2018-08-08. Massive drought or myth? Scientists spar over an ancient climate event behind our new geological age.

posted Aug 11, 2018, 9:20 PM by Alan Gould

By Paul Voosen, Science Magazine. For GSS Life and Climate chapter 10. Excerpt: Last month, the International Commission on Stratigraphy (ICS), the bureaucracy that governs geological time, declared we are living in a new geological age. No, it's not the Anthropocene, the much-debated proposal for a geological division defined by human impact on Earth. The new age anointed by ICS is called the Meghalayan, based on signs in the rock record of a global drought that began about 4200 years ago. It is one of three newly named subdivisions of the Holocene, the geological epoch that began 11,700 years ago with the retreat of ice age glaciers. And the name will now filter its way into textbooks....

2018-08-08. Dinosaur-Killing Asteroid Impact Made Huge Dead Zones in Oceans.

posted Aug 11, 2018, 9:15 PM by Alan Gould

By Lucas Joel, Eos/AGU. For GSS A Changing Cosmos chapter 1, Life and Climate chapter 9, Climate Change chapter 8. Excerpt: About 66 million years ago, an asteroid roughly 10 kilometers wide hit Earth in what is today the Gulf of Mexico. It brought annihilation: All the dinosaurs except for the birds went extinct; forests around the planet vanished temporarily, killing off all bird species that lived in trees; dust and other aerosols blocked the Sun, and global temperatures took a nosedive. The world plunged into a state analogous to nuclear winter. Another fallout effect of the impact, according to new work, was a depletion of oxygen in the oceans triggered by rapid global warming following the impact and nuclear winter. Such anoxia, the researchers behind the work report, devastated marine life. What’s more, this episode of anoxia may have parallels to the rapid global warming and resulting ocean anoxia being wrought by human-driven climate change today. “The global warming following the impact is one of the most rapid warmings in Earth’s history,” said Johan Vellekoop, a geologist at KU Leuven in Belgium who led the new research. “It’s on a human timescale.” He described that the postimpact warming happened over the course of only a few hundred to a few thousand years....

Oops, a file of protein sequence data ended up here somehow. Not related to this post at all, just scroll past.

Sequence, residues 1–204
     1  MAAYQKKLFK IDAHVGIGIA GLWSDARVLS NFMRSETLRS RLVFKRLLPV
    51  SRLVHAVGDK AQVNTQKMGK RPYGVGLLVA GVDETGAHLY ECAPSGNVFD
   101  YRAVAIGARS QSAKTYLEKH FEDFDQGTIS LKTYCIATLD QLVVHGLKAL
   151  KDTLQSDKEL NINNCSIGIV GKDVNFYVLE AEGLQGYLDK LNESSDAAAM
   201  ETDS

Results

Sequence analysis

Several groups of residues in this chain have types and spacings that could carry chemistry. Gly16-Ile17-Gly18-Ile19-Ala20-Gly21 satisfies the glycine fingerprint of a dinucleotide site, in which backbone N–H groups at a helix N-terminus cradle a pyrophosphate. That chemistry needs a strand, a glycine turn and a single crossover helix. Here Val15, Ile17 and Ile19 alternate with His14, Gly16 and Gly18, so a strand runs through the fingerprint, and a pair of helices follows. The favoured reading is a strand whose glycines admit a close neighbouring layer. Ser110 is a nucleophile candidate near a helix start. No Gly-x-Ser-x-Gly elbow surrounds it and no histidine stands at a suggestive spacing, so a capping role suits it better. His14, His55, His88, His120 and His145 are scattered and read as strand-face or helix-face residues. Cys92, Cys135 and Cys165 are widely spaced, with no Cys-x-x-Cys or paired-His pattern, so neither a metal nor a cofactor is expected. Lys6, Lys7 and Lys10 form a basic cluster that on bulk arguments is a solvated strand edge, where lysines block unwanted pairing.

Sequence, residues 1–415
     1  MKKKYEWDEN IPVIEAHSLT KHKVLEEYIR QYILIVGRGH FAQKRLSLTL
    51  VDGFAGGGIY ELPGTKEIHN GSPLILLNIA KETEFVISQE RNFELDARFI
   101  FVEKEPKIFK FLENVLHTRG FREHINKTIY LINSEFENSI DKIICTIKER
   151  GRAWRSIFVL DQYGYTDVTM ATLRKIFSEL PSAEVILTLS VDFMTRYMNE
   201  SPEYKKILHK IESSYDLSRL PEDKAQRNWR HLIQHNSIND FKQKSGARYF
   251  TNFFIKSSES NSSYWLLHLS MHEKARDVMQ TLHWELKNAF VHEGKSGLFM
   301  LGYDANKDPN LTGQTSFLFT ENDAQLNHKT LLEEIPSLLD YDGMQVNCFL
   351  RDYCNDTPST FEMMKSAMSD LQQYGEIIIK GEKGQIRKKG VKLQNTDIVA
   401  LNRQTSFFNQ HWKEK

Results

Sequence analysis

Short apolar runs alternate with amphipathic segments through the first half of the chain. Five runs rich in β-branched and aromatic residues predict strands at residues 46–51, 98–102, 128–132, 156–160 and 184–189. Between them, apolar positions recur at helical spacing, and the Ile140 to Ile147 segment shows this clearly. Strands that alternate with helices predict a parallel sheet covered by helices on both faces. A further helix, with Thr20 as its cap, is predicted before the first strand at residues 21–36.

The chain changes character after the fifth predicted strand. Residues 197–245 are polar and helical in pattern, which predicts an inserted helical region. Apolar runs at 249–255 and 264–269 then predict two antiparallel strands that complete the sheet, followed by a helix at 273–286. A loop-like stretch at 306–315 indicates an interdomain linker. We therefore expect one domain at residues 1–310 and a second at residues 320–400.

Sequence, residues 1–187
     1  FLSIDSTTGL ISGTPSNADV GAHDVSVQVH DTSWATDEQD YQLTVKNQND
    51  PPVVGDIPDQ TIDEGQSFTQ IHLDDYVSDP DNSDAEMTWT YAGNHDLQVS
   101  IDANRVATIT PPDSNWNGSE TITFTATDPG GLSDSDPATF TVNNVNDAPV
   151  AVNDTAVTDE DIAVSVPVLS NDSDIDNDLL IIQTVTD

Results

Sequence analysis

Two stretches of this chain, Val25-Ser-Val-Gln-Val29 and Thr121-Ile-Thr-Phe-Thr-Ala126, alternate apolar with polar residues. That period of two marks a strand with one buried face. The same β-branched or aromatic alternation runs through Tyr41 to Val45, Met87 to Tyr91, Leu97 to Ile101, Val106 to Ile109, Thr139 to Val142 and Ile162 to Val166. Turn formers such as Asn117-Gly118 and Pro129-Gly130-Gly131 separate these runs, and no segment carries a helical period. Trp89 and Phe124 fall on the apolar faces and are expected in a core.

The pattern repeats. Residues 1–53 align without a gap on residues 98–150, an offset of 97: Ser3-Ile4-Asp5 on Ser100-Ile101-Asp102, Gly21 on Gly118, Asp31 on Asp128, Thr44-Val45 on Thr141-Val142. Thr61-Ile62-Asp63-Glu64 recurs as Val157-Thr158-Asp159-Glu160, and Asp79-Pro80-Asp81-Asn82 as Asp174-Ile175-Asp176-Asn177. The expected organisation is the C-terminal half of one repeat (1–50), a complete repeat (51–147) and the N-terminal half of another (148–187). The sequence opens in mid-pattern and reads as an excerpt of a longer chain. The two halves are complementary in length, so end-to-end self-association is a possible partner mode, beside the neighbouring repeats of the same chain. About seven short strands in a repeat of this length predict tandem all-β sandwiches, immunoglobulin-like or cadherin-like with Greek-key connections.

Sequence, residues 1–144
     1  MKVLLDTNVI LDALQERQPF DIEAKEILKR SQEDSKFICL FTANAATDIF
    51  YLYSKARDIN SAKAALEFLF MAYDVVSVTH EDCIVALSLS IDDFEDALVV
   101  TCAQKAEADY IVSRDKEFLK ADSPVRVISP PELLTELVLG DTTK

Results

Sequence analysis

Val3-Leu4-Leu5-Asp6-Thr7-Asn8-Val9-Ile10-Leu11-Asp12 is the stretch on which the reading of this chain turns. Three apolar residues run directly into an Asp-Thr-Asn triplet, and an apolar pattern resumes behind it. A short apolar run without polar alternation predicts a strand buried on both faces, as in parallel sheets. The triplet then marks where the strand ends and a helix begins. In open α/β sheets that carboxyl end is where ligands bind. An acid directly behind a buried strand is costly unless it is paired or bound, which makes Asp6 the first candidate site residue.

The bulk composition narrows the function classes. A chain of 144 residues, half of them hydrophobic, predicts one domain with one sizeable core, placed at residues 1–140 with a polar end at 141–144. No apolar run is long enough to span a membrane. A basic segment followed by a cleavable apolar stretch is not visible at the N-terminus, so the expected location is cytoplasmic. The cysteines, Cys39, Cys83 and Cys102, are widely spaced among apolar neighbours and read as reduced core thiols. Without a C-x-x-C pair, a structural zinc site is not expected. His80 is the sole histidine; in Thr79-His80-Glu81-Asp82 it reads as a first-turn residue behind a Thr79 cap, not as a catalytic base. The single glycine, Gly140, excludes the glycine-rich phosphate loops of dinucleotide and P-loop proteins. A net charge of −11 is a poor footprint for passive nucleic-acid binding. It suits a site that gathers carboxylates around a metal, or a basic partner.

2018-08-07. Yale Climate Opinion Maps 2018.

posted Aug 11, 2018, 9:12 PM by Alan Gould

By Jennifer Marlon, Peter Howe, Matto Mildenberger, Anthony Leiserowitz and Xinran Wang, Yale Program on Climate Change Education. For GSS Climate Change chapter 10. Excerpt: Interactive maps show how Americans’ climate change beliefs, risk perceptions, and policy support vary at the state, congressional district, metro area, and county levels....

2018-08-06. Designing the Death of a Plastic.

posted Aug 11, 2018, 9:09 PM by Alan Gould   [ updated Aug 11, 2018, 9:10 PM ]

 By Xiaozhi Lim, The New York Times. For GSS Ecosystem Change chapter 7. Excerpt: Decades ago, synthetic polymers became popular because they were cheap and durable. Now, scientists are creating material that self-destructs or breaks down for reuse on command....